TRENTON – Notwithstanding their personal misgivings about the process cutting into imminent vacation plans and personal lives, some of the more conservative members of the Republican Legislature hoped Gov. Chris Christie Thursday morning decided on an absolute veto (AV) or conditional veto (CV) of the Democrats’ $30.6 billion budget.
Others quietly prayed he would simply red line the Democrats’ budget and not drag the Legislature through the hassle of more Trenton time and potentially a government shutdown.
Even though both the CV and AV options would require them to reconvene the Legislature, at least one wing of Republicans especially craved an absolute veto.
“The absolute veto would send a message to the Democrats to ‘never again send me a budget that isn’t based on numbers I’ve not certified,'” said a source close to the process. “That would be the right message.”
The absolute veto would require the Democratic majority to again go through the budget process.
On Thursday morning, sources said the governor’s kitchen cabinet was still wrestling with what to do. One source said the governor’s governmental circle wanted a line item veto, while his political advisers told him to send the tougher veto message.
Another source said the governor’s entire inner circle was not specifically divided into camps but collectively and objectively weighing the options of his moves here.
One source favoring the line item said he/she saw the governor earlier in the day Wednesday – prior to the Democrats passing the budget – brandishing a red pen. The source interpreted this to mean the governor was telegraphing his line item intention.
But that was early.
Forced as time passed to consider the governor’s choice to absolutely override his party’s budget, one Democrat speaking on condition of anonymity said with this week’s Bloomberg Poll showing Christie’s numbers sagging, the governor won’t risk appearing uncompromising to a skeptical New Jersey public. Another source unaffilated with either party said the governor’s pattern, however, has been to seek the national GOP spotlight, and his rejection of the Democrats’ budget would catapult him even more majestically into the Fox News stratosphere.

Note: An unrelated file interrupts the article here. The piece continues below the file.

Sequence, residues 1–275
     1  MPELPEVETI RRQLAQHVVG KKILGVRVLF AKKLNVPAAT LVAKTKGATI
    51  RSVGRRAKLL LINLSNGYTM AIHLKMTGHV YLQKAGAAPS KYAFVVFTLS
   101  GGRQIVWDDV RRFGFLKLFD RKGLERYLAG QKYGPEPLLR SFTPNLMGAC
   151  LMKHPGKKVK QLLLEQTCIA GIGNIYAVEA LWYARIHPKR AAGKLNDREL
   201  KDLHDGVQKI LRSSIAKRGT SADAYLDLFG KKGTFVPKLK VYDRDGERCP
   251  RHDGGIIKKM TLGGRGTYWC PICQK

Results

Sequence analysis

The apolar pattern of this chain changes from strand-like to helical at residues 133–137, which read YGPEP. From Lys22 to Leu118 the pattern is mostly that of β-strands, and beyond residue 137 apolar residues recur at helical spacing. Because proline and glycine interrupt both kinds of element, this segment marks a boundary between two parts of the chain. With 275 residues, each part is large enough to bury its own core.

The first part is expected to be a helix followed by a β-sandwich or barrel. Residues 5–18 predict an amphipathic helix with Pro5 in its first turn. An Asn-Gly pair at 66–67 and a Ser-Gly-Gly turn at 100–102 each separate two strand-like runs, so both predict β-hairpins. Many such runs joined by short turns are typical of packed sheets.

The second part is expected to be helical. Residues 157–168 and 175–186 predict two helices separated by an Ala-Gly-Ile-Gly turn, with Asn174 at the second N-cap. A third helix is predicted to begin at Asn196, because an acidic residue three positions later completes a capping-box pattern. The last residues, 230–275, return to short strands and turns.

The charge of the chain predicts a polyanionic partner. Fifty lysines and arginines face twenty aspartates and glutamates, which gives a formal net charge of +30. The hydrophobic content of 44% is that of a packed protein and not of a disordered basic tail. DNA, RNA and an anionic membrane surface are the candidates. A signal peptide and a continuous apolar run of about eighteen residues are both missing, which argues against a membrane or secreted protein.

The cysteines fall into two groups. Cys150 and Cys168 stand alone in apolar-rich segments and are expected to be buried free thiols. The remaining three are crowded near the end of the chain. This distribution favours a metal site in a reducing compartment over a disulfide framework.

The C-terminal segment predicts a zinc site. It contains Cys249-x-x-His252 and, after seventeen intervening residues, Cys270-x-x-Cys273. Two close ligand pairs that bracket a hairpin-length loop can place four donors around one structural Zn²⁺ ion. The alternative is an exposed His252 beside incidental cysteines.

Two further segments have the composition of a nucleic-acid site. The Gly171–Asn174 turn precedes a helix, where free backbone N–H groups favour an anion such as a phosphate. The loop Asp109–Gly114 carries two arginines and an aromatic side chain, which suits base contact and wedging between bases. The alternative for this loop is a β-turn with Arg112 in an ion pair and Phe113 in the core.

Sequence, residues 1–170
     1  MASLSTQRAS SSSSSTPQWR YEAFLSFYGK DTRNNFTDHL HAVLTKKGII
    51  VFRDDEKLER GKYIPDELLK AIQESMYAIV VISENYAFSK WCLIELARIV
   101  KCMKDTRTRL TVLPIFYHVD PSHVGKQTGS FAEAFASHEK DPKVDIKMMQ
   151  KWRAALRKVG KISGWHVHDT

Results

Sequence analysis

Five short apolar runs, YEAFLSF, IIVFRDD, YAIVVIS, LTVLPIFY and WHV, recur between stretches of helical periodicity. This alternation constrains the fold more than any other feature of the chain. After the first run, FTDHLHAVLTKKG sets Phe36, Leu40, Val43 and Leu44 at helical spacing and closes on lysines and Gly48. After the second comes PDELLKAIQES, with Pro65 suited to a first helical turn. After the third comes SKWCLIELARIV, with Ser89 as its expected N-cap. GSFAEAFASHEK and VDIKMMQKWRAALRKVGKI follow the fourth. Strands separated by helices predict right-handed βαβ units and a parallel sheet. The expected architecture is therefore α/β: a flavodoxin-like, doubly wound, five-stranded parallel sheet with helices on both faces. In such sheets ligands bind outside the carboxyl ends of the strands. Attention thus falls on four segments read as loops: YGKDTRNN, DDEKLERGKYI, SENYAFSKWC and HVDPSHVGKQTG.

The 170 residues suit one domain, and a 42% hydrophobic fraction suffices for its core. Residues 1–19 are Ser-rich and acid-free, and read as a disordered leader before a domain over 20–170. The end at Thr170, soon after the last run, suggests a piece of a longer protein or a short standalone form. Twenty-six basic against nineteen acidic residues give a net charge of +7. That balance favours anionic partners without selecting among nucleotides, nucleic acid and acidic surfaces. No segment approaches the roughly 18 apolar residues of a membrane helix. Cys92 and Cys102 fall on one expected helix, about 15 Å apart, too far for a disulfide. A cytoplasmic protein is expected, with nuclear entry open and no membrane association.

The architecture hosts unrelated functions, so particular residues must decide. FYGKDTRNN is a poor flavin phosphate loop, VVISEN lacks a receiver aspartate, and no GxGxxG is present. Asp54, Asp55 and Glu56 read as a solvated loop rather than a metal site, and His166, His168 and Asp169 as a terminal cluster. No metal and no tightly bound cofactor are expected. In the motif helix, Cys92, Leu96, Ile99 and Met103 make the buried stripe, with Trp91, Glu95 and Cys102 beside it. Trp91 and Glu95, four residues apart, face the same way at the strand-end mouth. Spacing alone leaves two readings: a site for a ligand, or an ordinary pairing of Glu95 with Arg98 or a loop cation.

The Democratic Party source said one Republican who does not want the governor to conditionally veto the budget is ironically the GOP caucus’s most conservative member, state Sen. Mike Doherty, (D-23), who would not vote for a redo that contains Constitutionally required Abbott School funding. If Christie forces the Legislature to craft a new budget, he would ultimately not be able to depend on Doherty’s vote if he wants to meet the Supreme Court order to fully fund the state’s poor urban schools.
The governor, of course, has easily been able to land Democrats in the past, but sources said a demoralized majority party may not be so willing to provide Democratic Party bodies without exacting some serious Christie concessons.
Faced with the Democrats’ $30.6 billion budget on Wednesday, Republicans opposed the majority and voted against the bill, which the GOP dismissed based on what they say is roughly $700 million in ill-defined revenues.
Patrick Murray, political scientist and pollster with Monmouth University, said the budget the Democrats presented is not as unreasonable as Republicans argued.
“There is an absolute danger to the governor if he appears uncompromising,” said Murray. “He has options and can modify the Democrats’ budget without shutting down government. Their budget is somewhat close to what he wanted and he has the ability to line item, which seems to be the safest, simplest option politically.”
But someone made a crack in the governor’s presence last night about weekend recreation and received a shrug in return. The suggestion was Christie wasn’t happy with the Democrats’ budget and didn’t accept the argument that government should fold up in the face of a beautiful July 4th weekend.
He appeared unwilling, as usual, to go away quietly.